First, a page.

Tuesday, November 22, 2016

Harry Truman Presidential Library and the WWI Museum

Our activities in Independence didn't take as long as I expected, so we added something else in at the last minute: The Harry Truman Presidential Library.  It was an excellent choice!

The Oval Office, as it looked during the presidency of Harry Truman.
 I think we only had a couple of hours, but it was well worth the time.  There was a lot of information about the end of WWII, the atomic bombs, and post-war recovery with a president who never planned on being president.  Those are the best kind, I think.  


Our hotel (Higher Ground Hotel--highly recommended for its huge family suite!) was right across the street from Harry Truman's home.  I had no idea until we arrived!  


That evening, I was doing laundry in the basement of the hotel when a Corvette club arrived.  One of the couples came down to do laundry and we got to chatting.  They had gone to a WWI museum and went on and on about it.  Well, I was tired and just didn't think we could fit in one more thing.  I didn't even think of mentioning it to my family.

When I arrived in the hotel room bearing stacks of freshly laundered clothing, Isaac came to me, phone in hand.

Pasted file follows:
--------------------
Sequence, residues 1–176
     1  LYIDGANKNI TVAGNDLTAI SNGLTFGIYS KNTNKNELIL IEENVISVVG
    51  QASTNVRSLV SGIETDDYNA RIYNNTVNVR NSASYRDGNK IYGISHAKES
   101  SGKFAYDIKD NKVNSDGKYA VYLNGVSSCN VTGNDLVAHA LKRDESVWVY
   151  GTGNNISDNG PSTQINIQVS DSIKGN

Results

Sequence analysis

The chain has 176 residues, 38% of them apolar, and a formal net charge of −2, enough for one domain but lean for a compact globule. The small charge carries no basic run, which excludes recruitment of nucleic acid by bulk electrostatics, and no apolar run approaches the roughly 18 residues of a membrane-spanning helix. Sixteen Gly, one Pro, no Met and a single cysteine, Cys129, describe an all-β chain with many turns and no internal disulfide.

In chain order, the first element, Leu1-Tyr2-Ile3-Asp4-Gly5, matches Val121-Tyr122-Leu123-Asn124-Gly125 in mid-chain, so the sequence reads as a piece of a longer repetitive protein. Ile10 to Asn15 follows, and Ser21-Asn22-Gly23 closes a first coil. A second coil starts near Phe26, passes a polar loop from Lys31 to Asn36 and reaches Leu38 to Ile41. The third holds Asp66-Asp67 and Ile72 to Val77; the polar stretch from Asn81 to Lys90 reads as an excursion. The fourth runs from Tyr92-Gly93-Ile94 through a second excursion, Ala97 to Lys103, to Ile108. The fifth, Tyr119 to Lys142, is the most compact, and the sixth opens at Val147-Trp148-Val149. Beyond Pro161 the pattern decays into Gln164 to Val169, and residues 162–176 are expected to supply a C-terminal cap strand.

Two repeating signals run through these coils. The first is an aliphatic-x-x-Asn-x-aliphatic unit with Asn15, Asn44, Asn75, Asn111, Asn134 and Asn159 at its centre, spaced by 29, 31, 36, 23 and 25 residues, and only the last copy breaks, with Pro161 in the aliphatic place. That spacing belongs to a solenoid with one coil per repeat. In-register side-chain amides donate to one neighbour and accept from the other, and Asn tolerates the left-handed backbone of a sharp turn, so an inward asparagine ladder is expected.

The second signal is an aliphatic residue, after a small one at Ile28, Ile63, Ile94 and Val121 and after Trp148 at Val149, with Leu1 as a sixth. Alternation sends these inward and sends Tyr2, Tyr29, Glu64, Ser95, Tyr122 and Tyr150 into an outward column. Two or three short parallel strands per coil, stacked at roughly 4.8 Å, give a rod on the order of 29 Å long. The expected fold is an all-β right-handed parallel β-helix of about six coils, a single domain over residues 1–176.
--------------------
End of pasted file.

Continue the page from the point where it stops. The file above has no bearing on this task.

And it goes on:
"Are we going to the WWI museum tomorrow?" he asked excitedly.  
"Ummm . . . ," I faltered.
"Because I really want to!"

Now, when a kid gets excited about a museum, you move mountains to accommodate.  I checked times of the places on our schedule and driving distances and, sure enough, we could make it work.
So.
We went to the World War I Museum in Kansas City.



What a happy accident! 
(Not the war, just the finding of the museum and the ability of our schedule to be a bit flexible.)

Very cool entrance, a glass bridge over a field of poppies.

Money from all over the world from the period.
  It was excellent.  It did so much to help explain an often confusing war.  I was fascinated by the explanations of the start of the war, since the assassination of the Archduke Ferdinand and the ensuing implosion of treaties never made a sufficient argument for me.


There were two incredibly helpful movies, the second one having this elaborate three dimensional set.


Sweet sleeping girl.
 The displays were thoughtfully edited.
A case of the flags hung in the windows by soldier parents especially touched my mother heart.


Typical treasures of a soldier's pocket.
 One of the more poignant exhibits was a replica of a bomb crater.  The personal belongings of civilians (innocents) lay scattered hither and thither; belongings of people like me, with children like mine.


At the end, we got to ride up to the top of that tower in an elevator.


Man, oh, man.  Five stars!

I cannot believe the variety of educational opportunities this trip provided.


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